The continued hesitation by Sadc leaders to find a solution to xenophobia has the potential to scuttle Sadc regional integration as key regional nations remain on a collision course over the matter
Johannesburg — As the clock ticks towards midnight, Saliwe’s mother gives the last instructions to her daughter on how to detect any suspicious activity outside.
by TAPIWA ZIVIRA
Before she lays her head to sleep, she utters one last reminder: “Wake your sister up at 3am so that I can take over.”
Since the xenophobic attacks started in Durban and eventually spread to Johannesburg, Saliwe — who lives with her mother and two siblings in the little settlement of Tshakane, some 50km outside Jo’burg — and her family have been spending most nights awake, taking turns to watch and alert the whole family in the event of a night-time attack by South Africans targeting foreigners.
Saliwe is nine and her sisters are aged 12 and 15. They have all been actively participating in the night watch. In the event of any form of attack, they have stuffed in a corner three backpacks containing a few clothes, some nonperishables and water — that is all they are prepared to take out in the event of the attacks coming to their area.
But neatly laid out in the single room they all use as the kitchen, bedroom and living room, are modest household items that include a relatively new double-door refrigerator, four-plate cooker, kitchen cabinet, an LED television set and the imposing bed.
“It took me years to work for this property and although it is not much, I am proud of having achieved this in an honest way,” says Mai Saliwe as she shakes her head and looks sideways, briefly closing her eyes as she does so, as if to stop tears from streaming down her cheeks.
“But when the worst happens, we are prepared to leave everything and go back to Zimbabwe the way we came, empty-handed; because nothing is worth our lives.”
Next door to them are South Africans.
“They are good friends and we help each other just as neighbours normally do, but in these times you can never trust anyone. They may not be the ones to attack us, but they could simply tell the attackers about our presence here,” she said.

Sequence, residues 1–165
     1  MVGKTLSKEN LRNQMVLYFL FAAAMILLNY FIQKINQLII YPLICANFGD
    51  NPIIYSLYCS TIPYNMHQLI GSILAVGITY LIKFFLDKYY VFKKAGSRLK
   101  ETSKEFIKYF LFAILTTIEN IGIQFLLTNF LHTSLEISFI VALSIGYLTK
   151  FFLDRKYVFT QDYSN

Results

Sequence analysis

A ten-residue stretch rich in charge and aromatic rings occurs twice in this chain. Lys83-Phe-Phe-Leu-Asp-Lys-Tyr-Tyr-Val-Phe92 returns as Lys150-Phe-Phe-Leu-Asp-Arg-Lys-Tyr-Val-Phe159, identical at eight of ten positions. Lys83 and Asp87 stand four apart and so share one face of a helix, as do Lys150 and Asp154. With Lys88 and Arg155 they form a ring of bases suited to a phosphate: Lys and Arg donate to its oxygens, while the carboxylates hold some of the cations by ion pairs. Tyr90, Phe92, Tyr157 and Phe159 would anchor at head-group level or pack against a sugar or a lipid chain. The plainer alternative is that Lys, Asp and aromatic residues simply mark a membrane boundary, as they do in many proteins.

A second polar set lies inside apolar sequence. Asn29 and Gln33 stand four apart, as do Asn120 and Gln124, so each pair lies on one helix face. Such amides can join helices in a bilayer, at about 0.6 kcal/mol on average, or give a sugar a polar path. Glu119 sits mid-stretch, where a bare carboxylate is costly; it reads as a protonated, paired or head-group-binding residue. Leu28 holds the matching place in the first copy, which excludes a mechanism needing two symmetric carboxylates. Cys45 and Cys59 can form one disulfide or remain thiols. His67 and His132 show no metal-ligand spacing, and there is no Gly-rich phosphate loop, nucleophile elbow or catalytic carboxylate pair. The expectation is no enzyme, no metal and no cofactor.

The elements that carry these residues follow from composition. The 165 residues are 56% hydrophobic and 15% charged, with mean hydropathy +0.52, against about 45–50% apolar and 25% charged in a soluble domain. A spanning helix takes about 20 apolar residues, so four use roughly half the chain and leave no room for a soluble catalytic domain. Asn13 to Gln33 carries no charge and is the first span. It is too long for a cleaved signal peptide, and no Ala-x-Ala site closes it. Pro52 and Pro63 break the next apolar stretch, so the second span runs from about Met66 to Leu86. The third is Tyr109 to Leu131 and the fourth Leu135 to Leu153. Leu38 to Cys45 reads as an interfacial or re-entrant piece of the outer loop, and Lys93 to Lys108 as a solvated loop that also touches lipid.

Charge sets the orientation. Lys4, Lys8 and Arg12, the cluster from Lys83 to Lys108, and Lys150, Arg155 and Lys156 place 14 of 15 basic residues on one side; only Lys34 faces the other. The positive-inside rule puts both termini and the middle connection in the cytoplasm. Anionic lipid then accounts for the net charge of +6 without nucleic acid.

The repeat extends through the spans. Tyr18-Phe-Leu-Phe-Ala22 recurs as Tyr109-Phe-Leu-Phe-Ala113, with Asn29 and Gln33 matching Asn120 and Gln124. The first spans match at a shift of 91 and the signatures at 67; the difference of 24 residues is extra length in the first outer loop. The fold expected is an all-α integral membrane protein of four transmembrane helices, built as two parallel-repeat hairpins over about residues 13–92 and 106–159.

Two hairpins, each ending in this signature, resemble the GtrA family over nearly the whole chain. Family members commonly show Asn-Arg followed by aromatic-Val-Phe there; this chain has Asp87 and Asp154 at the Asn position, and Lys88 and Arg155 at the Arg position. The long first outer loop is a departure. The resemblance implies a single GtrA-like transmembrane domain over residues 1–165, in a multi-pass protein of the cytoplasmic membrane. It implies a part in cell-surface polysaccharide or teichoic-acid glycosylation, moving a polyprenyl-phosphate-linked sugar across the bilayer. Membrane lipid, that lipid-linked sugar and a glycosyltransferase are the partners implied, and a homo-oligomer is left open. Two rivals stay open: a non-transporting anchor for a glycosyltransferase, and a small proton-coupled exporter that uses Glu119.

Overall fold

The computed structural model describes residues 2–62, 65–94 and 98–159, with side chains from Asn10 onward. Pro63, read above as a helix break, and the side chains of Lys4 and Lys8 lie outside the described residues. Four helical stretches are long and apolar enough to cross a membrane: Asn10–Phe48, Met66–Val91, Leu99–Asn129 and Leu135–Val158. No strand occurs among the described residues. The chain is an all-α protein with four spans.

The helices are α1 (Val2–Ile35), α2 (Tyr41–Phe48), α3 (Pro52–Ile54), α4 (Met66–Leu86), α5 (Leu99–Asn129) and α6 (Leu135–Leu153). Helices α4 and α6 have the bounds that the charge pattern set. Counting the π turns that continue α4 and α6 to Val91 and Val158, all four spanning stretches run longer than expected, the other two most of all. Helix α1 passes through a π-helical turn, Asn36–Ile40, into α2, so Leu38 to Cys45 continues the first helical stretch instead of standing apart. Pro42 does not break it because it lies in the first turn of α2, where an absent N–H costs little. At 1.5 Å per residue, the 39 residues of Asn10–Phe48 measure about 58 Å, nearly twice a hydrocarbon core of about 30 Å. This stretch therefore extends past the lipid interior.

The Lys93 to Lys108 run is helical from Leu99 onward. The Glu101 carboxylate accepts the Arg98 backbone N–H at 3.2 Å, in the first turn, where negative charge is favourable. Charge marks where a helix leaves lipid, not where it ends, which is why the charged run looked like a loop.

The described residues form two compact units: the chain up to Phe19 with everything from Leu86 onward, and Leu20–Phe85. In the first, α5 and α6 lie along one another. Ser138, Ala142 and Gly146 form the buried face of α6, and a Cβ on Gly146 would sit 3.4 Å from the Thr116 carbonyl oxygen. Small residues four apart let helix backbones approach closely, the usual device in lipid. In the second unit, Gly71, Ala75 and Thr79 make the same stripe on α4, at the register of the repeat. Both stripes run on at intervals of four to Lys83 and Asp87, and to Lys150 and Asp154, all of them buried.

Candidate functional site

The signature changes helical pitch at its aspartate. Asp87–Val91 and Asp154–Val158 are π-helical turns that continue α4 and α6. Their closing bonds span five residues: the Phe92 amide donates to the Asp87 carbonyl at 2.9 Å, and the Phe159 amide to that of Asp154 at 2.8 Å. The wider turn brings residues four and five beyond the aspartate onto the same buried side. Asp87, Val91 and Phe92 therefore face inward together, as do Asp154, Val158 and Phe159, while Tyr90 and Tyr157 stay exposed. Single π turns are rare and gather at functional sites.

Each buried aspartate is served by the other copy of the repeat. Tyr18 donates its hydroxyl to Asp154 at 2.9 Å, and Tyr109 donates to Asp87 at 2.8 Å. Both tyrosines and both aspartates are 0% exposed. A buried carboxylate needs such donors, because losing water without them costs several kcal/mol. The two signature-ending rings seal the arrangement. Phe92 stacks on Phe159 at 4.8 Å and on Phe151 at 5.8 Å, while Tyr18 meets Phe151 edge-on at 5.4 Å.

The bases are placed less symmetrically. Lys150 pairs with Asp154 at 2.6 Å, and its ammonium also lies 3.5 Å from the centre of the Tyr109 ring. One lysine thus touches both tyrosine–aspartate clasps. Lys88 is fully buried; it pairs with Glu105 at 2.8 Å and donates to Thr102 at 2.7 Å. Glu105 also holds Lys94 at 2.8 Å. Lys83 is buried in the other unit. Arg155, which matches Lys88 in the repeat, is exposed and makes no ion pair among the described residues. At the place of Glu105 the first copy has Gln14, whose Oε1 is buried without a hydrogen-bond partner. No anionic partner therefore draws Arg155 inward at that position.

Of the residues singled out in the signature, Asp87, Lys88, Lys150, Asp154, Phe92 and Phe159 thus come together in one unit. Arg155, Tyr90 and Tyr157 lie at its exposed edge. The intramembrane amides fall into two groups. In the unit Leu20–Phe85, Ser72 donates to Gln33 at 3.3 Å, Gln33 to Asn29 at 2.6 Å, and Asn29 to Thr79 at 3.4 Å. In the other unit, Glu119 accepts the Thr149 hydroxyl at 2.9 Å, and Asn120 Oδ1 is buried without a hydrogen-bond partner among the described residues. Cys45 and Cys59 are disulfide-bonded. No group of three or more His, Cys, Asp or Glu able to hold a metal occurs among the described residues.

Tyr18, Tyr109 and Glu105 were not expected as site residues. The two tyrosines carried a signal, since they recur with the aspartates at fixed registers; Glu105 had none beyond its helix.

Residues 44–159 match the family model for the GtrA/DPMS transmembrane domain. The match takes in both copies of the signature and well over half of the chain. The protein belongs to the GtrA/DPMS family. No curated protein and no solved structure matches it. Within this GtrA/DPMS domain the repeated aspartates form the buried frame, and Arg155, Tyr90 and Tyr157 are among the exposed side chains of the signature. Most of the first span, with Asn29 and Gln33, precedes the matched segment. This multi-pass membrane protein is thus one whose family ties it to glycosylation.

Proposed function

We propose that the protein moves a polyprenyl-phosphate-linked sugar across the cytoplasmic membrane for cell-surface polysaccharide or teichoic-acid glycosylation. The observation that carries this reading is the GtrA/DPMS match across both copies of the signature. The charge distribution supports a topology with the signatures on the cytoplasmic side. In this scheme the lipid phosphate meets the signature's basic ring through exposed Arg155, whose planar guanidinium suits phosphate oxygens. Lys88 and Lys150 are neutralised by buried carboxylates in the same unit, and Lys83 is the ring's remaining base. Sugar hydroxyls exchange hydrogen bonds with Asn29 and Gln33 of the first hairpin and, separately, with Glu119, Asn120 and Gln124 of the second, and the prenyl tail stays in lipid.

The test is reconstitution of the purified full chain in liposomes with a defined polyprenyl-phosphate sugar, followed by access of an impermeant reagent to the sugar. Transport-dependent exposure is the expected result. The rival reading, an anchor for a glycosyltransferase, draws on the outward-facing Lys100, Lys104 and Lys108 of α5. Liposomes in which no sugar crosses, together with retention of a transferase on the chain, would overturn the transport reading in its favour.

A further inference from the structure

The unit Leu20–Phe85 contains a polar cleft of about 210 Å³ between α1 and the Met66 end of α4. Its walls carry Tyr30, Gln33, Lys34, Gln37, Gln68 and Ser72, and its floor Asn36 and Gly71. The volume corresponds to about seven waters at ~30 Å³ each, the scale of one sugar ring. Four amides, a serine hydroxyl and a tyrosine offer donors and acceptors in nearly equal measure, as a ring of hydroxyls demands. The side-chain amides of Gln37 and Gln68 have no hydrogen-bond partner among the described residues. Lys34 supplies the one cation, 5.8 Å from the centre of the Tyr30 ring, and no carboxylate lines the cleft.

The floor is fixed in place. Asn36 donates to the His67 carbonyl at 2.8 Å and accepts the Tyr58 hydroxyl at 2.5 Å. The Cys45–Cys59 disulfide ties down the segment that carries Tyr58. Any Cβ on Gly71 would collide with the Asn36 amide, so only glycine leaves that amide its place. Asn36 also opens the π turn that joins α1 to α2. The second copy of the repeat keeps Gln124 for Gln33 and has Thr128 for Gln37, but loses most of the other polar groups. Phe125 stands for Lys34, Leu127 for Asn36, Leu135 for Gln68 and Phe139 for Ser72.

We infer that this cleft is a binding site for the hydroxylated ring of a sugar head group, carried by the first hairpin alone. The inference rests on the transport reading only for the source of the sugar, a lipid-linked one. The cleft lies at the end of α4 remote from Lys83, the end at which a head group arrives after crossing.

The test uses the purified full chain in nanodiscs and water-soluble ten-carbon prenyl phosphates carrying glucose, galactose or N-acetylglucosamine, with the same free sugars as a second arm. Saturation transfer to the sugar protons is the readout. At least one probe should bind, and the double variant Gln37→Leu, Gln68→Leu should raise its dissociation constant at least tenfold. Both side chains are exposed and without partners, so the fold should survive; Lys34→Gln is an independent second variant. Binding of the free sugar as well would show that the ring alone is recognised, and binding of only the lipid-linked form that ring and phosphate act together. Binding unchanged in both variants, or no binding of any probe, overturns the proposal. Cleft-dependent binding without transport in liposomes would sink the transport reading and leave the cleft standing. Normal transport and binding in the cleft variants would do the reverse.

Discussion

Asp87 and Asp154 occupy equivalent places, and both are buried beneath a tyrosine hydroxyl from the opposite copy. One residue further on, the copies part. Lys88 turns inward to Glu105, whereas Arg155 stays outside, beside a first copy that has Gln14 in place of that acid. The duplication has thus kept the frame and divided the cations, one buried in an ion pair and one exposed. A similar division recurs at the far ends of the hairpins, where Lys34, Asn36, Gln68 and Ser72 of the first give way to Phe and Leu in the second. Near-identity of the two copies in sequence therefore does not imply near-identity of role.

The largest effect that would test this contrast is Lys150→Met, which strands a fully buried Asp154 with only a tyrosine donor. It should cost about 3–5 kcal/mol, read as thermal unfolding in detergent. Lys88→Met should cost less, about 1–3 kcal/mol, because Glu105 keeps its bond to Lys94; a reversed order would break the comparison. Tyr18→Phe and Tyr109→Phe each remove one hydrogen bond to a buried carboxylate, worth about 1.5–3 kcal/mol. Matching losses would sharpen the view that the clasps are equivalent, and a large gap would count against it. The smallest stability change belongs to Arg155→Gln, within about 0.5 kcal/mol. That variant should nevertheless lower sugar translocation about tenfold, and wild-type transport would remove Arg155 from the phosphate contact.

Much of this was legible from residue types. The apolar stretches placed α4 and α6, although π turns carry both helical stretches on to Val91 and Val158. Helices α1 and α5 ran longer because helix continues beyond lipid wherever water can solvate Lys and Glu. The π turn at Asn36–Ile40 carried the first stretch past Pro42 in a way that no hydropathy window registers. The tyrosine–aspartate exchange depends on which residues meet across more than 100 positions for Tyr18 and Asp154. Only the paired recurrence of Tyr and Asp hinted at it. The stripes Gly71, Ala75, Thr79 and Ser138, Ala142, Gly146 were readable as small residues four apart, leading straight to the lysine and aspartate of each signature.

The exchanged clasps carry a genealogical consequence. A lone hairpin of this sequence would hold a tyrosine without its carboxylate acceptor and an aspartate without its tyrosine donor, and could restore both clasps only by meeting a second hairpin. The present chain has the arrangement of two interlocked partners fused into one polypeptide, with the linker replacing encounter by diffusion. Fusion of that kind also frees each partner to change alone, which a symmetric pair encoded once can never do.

“We have even limited our movement in the area. We only go to buy our food at the nearby mall and when I am at work, my daughters stay indoors as soon as they return from school. You cannot trust anyone.”
The fear and anxiety that has been a part of Mai Saliwe’s life for the past month is what many foreign nationals live through in townships of South Africa as the government’s lukewarm attempts to address the crisis has continually come under attack from various government and human rights bodies.
But while other nations have been vehemently calling for the return of their citizens, the situation is sadly different for Zimbabwe as the country is currently going through an unabated economic meltdown.
Despite efforts which have so far ensured a safe return of about 700 citizens to Zimbabwe, the situation remains dire for the rest, who are estimated to be nearing a million.
Going home is not an option for many as they are in the proverbial dilemma of a cigarette which burns on one end while on the other it is firmly pressed between the smoker’s lips.
“Sometimes I think deeply about just packing all our things and going back to Zimbabwe, but with the depressing stories of job losses and a worsening economy, I can only hope the xenophobic attacks end so I can resume working normally and continue to feed my children,” says Saliwe’s mother.